The U.S. Senate Judiciary Committee passed a bill Sept. 12 that offers journalists some protections from government investigations of their newsgathering activities.
The 13-5 vote means the Free Flow of Information Act moves on to the full Senate for consideration.
The bill establishes rules for prosecutors seeking subpoenas of phone records and other private information of journalists, which the bill defines as certain employees and contractors of media outlets, certain freelancers and student journalists. Prosecutors would have to convince a judge that the information they seek would prevent or mitigate a terror attack before a subpoena would be granted. Judges may extend these protections to others who don’t meet the bill’s definition of a journalist.
The bill advances after the government was found to be investigating reporters with the Associated Press and FOX News earlier in the year. Journalists have long argued that such investigations create a chilling effect that discourages sources from sharing information.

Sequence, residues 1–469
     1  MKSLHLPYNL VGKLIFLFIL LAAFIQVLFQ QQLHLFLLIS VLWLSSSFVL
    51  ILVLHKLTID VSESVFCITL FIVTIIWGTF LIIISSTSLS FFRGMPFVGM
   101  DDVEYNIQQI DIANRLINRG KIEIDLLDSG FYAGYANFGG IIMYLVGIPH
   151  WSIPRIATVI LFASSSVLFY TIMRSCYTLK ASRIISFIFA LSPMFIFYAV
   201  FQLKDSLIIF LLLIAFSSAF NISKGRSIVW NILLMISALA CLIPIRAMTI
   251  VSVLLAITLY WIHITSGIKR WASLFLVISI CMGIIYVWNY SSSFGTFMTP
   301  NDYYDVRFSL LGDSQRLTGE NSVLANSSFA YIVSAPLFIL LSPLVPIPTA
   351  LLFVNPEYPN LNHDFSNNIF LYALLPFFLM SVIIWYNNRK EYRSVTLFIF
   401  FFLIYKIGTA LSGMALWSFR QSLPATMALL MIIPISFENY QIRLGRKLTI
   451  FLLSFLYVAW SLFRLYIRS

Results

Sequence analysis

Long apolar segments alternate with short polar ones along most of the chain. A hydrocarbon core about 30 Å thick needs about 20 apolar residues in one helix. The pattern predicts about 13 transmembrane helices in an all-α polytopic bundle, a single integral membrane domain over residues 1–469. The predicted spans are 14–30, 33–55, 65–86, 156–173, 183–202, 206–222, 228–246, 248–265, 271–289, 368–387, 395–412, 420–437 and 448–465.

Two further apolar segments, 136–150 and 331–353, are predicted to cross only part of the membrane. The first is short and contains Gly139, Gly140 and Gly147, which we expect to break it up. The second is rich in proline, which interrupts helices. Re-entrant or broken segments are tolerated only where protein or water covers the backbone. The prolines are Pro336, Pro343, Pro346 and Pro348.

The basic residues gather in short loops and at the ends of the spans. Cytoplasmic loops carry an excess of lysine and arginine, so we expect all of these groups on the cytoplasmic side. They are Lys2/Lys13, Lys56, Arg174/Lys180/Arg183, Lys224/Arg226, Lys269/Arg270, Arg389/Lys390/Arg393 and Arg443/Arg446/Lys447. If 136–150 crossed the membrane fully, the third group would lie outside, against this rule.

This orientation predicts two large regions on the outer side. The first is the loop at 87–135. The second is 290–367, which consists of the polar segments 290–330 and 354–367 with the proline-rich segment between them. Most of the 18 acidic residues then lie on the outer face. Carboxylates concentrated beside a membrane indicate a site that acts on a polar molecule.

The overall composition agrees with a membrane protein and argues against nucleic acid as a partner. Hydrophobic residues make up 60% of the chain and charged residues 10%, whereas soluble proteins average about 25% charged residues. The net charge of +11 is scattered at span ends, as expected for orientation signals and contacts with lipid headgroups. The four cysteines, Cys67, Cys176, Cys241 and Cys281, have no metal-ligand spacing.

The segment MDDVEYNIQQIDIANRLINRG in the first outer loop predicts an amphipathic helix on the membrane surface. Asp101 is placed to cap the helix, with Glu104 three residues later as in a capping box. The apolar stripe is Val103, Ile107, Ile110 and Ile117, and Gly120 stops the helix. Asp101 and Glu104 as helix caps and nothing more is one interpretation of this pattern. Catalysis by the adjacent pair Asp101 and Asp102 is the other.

Many in new media expressed their displeasure with the bill’s narrow definition of a journalist. Sen. Dianne Feinstein (D-CA) amended the bill with the more restrictive language.
Writing on the Electronic Frontier Foundation website, Morgan Weiland said “self-publishing bloggers and citizen journalists” are disadvantaged because the amendment “advances a traditional vision of journalism” in the way it defines who is a journalist.
“Sen. Feinstein’s amendment is riddled with vague language, failing to define key terms … on which the definition of who’s a journalist turns,” wrote Weiland. Vagueness puts nontraditional journalists at a disadvantage, wrote Weiland, because it “invites interpretations that exclude those who are on the margins of status quo journalism, and who are often in a more vulnerable position and unable to hire legal counsel to sort through the law’s ambiguities.”
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